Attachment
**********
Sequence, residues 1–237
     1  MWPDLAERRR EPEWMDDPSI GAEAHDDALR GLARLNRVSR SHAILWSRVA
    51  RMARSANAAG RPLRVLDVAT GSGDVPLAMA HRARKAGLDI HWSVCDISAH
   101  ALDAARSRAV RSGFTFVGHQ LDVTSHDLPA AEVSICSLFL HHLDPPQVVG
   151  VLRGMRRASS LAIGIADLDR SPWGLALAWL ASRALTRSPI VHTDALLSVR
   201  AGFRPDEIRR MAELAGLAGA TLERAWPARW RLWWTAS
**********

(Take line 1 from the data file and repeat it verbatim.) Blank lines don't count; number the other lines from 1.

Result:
Sequence, residues 1–237